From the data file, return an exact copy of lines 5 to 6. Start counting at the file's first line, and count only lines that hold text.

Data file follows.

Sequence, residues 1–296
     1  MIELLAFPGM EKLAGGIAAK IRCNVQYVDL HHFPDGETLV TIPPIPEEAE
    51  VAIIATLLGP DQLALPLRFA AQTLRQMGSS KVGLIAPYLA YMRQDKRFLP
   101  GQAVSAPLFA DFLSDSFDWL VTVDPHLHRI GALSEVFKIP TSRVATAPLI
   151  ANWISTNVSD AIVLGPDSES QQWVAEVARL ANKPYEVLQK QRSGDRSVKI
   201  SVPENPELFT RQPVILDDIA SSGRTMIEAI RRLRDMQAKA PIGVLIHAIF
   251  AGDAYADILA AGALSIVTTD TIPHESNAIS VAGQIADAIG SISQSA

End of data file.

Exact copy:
   151  ANWISTNVSD AIVLGPDSES QQWVAEVARL ANKPYEVLQK QRSGDRSVKI
   201  SVPENPELFT RQPVILDDIA SSGRTMIEAI RRLRDMQAKA PIGVLIHAIF